10. Apathy Sketchpad » Blog Archive » A Briffa’s Wrong said,

    […] I agree with jdc about that quote. And while the reason that the debate rages on is usually put down to the likes of Dr Wakefield and the parents who believe their children were damaged by MMR, the real guilty parties here have been our Governments whose intransigence regarding proper, definitive research in the area has inevitably left a huge question-mark hanging over MMR. […]

  11. DT said,

    Thanks, Dr A. Just for those who can’t be bothered to find the IOM report summary (and for Dr Briffa) here is the relevant section:

    Studies examining the association between MMR and autism, including nine controlled observational studies (DeStefano et al., 2004; DeWilde et al., 2001; Farrington et al., 2001; Fombonne and Chakrabarti, 2001; Madsen et al., 2002; Makela et al., 2002; Takahashi et al., 2003; Taylor et al., 1999, 2002), three ecological studies (Dales et al., 2001; Gillberg and Heijbel, 1998; Kaye et al., 2001), and two studies based on passive reporting system in Finland (Patja et al., 2000; Peltola et al., 1998), consistently showed evidence of no association between the MMR vaccine and autism. Two studies reported findings of a positive association between MMR and autism. The first was an ecological study (Geier and Geier, 2004a) that reported a potential positive correlation between the number of doses of measles-containing vaccine and the cases of autism reported to the special education system in the 1980s. The second was a study of passive reporting data by the same authors (Geier and Geier, 2003c) that reported a positive correlation between autism reports in the Vaccine Adverse Events Reporting System (VAERS) and estimated administered doses of MMR. However, these two studies are characterized by serious methodological flaws and their analytic methods were nontransparent, making their results uninterpretable, and therefore noncontributory with respect to causality (see text for full discussion). The case series study by Wakefield and colleagues (Wakefield et al., 1998), which originally raised the hypothesis linking MMR and autism, is uninformative with respect to causality. Based on this body of evidence, the committee concludes that the evidence favors rejection of a causal relationship between MMR vaccine and autism. This conclusion is consistent with the finding in the committee’s previous report on MMR and autism (IOM, 2001a).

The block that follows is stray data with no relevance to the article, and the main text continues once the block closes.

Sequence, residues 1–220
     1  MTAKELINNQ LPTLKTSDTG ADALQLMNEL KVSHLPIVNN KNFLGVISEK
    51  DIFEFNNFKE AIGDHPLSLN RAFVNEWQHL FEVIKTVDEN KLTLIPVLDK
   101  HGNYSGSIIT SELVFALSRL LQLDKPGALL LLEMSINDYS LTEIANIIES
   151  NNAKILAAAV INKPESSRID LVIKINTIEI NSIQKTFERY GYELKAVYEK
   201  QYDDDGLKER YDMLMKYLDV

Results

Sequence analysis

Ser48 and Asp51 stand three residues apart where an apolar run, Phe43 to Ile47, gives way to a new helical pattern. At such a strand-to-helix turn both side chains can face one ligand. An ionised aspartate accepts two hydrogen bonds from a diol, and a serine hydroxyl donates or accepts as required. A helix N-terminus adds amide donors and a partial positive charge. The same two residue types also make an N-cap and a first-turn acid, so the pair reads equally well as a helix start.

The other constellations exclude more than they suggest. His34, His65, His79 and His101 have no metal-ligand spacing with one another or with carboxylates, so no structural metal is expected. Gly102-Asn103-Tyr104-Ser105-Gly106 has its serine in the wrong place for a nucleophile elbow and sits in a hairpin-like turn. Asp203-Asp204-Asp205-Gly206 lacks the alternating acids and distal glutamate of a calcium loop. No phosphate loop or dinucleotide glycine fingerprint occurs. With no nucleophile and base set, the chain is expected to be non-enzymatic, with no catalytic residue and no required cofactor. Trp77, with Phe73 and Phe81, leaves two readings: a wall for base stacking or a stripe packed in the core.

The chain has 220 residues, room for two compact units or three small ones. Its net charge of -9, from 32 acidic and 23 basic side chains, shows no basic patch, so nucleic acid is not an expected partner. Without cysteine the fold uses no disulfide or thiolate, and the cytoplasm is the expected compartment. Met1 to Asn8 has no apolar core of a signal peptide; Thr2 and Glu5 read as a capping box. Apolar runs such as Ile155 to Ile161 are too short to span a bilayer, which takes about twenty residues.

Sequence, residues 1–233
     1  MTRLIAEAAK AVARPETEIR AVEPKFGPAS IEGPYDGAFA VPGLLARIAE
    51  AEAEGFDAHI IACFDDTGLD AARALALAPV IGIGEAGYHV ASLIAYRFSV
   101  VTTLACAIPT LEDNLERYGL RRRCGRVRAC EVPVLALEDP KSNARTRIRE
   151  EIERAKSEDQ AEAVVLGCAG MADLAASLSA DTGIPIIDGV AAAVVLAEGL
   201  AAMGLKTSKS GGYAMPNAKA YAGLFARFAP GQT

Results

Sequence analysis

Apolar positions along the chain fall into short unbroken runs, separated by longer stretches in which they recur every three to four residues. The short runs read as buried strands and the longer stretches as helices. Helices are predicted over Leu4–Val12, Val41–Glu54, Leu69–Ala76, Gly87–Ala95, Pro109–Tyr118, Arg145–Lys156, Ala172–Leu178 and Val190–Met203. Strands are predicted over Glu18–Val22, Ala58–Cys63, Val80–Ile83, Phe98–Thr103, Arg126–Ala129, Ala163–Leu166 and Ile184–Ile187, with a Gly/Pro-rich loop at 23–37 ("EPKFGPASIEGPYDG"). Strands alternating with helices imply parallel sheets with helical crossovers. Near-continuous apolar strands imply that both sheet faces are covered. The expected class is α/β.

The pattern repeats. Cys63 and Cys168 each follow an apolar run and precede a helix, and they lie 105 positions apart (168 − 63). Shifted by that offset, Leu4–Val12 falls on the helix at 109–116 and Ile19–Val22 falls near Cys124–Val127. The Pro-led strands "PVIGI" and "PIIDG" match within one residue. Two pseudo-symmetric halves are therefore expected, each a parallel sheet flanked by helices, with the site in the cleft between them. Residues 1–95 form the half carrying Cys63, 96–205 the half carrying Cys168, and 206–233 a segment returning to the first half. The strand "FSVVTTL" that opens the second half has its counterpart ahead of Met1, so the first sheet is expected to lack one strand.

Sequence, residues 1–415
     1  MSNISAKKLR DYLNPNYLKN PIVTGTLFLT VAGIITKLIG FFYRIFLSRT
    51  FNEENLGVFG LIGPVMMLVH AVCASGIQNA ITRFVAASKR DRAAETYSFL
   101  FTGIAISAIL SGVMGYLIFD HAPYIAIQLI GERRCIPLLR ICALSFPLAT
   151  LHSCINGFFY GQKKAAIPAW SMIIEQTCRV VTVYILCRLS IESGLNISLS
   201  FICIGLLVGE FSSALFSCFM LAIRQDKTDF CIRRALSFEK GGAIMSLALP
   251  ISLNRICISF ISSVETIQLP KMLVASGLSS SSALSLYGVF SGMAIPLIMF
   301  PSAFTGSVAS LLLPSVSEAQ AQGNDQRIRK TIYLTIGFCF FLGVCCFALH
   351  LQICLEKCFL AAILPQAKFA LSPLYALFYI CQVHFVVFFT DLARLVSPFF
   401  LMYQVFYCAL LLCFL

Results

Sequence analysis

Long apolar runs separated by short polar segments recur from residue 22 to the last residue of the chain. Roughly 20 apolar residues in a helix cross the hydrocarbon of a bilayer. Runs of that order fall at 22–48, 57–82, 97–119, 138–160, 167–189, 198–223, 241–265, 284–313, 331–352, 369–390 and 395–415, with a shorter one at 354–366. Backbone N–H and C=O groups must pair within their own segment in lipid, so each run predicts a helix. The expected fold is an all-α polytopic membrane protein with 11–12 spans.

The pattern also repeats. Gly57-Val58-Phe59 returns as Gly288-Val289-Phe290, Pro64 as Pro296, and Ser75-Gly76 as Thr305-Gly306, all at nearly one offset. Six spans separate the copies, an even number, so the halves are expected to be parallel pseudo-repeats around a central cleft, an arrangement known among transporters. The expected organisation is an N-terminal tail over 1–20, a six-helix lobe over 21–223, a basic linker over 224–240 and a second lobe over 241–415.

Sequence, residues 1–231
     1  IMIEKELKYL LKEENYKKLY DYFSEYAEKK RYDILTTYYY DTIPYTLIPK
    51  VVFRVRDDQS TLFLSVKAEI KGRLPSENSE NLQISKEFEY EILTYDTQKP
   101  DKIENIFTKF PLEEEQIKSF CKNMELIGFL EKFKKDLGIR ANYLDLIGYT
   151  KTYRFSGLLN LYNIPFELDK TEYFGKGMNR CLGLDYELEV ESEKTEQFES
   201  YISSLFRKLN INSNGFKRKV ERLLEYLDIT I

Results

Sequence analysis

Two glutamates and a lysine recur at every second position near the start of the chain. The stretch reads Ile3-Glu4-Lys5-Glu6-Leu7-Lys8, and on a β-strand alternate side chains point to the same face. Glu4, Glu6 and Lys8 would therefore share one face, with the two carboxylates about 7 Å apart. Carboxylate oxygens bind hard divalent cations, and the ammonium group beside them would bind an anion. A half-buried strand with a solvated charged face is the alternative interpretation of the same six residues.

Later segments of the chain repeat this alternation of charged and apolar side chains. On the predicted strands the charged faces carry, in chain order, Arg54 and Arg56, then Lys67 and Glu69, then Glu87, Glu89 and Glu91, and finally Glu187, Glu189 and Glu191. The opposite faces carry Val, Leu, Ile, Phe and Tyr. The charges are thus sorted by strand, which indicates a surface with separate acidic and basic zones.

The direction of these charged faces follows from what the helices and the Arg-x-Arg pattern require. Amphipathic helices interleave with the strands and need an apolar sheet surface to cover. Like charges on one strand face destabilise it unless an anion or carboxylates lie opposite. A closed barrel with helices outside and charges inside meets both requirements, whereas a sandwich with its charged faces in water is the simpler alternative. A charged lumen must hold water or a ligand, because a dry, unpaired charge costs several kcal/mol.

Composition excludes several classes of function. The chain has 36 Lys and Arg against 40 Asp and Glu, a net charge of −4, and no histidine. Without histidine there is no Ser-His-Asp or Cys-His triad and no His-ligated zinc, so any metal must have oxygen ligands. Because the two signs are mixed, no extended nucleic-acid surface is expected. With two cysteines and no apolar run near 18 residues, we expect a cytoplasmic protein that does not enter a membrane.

Now Dr Briffa may feel this amounts to nothing, but I don’t. I wonder if he is familiar with the Geiers’ work and the way in which they manipulate data? Dr Briffa is dipping his toe into a large pond here, and he admits he has no track record of being able to swim in these waters.

  12. Dr Aust said,

    Careful, jdc. As I recall Dr B considers himself a real expert on aspartame. If he ever finishes re-writing the book on MMR he may be back…

  13. Dr John Briffa on testing for food sensitivity: applied kinesiology, dowsing and IgG tests « Holford Watch: Patrick Holford, nutritionism and bad science said,

    […] 8, 2008 · No Comments JDC reports that he “always thought that Dr John Briffa was like a more grown-up version of Patrick […]

  14. Dyson said,

    Just a note to say that the debate continues about MMR on Briffa’s blog. He now has John Stone, Cybertiger and Clifford Miller for support. Whack-a-mole is a poor description of what is going on at the moment – at least whack-a-mole is fun.
    http://www.drbriffa.com/blog/2008/06/23/bmj-article-explores-the-cosy-relationship-that-drug-companies-often-have-with-doctors-considered-%e2%80%98key-opinion-leaders%e2%80%99/#comment-101840

  15. AltMed Support for Wakefield Continues « jdc325’s Weblog said,

    […] also indulged in some MMR scaremongering of his own (Briffa’s original post), which I covered here, here, and here [note: the first of my blog posts includes links to many other blogs covering […]